Ring fever

Pro wrestling is a big-bucks business.
But has it gone too far?

By Neil Dunlop
Post TV
November 13, 1999

In Fort Lauderdale, Fla., a 12-year-old boy stands accused of murdering a six-year-old girl by using simulated wrestling moves. According to a coroner's report, the girl had suffered 30 blows to her body and two to her brain, as well as a fractured rib and a lacerated liver. When police came to arrest the boy the next day, they found him watching wrestling on TV.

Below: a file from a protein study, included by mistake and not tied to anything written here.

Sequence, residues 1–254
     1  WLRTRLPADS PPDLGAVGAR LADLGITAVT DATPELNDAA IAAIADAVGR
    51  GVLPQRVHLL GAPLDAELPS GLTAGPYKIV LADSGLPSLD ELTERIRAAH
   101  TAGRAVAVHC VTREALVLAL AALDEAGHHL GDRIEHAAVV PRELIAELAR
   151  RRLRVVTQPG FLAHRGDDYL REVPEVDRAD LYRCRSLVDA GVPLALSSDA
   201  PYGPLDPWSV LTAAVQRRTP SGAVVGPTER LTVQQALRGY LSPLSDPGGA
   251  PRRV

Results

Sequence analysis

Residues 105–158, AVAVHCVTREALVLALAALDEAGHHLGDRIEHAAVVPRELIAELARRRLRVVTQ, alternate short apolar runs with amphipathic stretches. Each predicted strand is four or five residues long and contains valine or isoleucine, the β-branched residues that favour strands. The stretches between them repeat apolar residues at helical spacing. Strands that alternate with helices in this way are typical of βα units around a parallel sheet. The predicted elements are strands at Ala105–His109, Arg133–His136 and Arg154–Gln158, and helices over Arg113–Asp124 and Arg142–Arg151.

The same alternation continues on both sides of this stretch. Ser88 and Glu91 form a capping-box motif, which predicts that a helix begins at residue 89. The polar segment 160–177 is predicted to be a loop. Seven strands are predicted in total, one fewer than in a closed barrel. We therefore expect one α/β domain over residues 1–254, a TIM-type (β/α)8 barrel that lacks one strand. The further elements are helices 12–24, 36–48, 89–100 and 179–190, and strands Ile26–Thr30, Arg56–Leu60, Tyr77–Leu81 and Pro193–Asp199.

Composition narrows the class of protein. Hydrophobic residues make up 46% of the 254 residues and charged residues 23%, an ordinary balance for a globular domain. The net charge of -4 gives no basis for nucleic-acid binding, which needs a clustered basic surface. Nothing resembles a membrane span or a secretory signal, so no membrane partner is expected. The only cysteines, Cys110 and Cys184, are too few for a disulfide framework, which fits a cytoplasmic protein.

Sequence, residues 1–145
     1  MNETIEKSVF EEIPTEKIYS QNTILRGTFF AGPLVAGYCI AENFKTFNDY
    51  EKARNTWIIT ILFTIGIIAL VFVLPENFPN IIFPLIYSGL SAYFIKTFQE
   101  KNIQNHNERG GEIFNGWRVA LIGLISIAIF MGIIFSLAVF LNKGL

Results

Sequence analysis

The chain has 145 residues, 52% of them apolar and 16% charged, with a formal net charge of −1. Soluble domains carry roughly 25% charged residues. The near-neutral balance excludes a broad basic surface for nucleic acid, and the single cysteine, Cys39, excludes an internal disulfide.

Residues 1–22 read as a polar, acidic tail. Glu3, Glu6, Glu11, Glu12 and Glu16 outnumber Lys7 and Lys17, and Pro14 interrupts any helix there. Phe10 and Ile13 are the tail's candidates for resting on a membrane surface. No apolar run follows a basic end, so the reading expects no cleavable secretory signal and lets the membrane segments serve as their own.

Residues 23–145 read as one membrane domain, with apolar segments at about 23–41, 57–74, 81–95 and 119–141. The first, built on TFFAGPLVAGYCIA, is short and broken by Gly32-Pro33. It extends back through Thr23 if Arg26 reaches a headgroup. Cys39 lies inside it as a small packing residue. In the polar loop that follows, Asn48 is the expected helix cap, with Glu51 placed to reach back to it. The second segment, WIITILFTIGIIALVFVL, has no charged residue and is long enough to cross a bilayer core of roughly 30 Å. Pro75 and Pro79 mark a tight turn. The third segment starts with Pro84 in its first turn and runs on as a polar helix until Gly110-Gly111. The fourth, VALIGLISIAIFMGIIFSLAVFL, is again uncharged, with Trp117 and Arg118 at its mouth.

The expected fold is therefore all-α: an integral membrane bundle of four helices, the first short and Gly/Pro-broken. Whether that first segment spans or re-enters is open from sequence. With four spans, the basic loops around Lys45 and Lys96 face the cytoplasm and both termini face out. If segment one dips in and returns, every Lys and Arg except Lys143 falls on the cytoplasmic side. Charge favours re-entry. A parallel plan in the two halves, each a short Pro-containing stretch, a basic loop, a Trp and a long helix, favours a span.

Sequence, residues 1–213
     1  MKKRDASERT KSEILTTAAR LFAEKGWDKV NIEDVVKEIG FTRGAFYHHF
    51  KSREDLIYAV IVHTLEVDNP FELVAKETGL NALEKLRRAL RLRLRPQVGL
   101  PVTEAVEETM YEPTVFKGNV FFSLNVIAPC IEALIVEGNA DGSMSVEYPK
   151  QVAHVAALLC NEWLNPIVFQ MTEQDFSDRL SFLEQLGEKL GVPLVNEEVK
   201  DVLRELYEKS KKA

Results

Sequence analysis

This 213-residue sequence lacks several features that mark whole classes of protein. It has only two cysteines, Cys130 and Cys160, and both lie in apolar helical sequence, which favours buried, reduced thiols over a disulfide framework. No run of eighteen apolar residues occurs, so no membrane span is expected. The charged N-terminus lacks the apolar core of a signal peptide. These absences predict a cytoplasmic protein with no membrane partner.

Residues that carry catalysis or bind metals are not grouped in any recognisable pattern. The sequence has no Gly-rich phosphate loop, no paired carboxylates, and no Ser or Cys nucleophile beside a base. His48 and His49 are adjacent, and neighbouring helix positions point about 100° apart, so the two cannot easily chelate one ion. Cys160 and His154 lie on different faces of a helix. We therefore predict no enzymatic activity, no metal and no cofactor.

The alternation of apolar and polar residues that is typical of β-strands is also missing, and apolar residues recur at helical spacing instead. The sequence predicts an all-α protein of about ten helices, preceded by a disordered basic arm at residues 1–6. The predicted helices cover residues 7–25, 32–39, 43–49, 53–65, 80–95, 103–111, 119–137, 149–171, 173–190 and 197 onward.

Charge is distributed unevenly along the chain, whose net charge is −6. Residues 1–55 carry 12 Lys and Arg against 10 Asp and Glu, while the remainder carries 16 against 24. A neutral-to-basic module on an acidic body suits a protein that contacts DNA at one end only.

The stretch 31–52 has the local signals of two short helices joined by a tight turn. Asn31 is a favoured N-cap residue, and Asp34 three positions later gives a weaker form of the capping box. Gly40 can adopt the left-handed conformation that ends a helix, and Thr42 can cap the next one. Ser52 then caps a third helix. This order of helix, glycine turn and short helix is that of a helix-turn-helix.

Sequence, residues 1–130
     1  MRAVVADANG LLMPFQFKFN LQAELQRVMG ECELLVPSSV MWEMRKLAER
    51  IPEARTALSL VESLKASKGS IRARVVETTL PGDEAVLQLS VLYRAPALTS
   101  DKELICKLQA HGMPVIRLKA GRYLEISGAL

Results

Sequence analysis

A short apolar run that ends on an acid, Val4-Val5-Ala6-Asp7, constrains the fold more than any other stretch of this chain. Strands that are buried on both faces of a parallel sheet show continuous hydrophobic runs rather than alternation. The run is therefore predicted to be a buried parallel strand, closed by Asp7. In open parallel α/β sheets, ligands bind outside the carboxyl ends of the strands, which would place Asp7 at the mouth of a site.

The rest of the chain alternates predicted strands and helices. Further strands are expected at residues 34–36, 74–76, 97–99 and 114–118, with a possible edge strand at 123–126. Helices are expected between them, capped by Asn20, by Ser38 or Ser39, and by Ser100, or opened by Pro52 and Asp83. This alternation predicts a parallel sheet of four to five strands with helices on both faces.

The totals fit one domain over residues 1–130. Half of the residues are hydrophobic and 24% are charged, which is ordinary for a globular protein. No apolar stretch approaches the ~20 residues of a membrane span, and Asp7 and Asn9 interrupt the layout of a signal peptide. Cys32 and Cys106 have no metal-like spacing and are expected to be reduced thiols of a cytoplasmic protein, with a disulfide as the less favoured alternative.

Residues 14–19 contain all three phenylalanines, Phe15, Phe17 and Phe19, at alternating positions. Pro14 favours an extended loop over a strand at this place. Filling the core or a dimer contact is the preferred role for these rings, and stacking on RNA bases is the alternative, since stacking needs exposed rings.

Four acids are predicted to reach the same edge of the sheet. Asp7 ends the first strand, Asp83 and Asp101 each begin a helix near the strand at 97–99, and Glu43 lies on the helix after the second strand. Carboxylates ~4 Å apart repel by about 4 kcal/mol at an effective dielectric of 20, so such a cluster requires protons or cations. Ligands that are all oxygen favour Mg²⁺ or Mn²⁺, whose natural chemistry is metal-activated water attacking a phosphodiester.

Is this the case of a sociopathic killer, or a young mind corrupted by glorified violence? The boy's lawyer blames pro wrestling. "That type of blatant violence can bleed over to impressionable minds to cause people hitting each other, which is wrong," Jim Lewis told NBC's Dateline, which featured the story recently.

Still, the WWF has just finished shooting a TV public-service announcement informing fans not to try WWF-style stunts at home. "We want to do the right thing," says Demarco.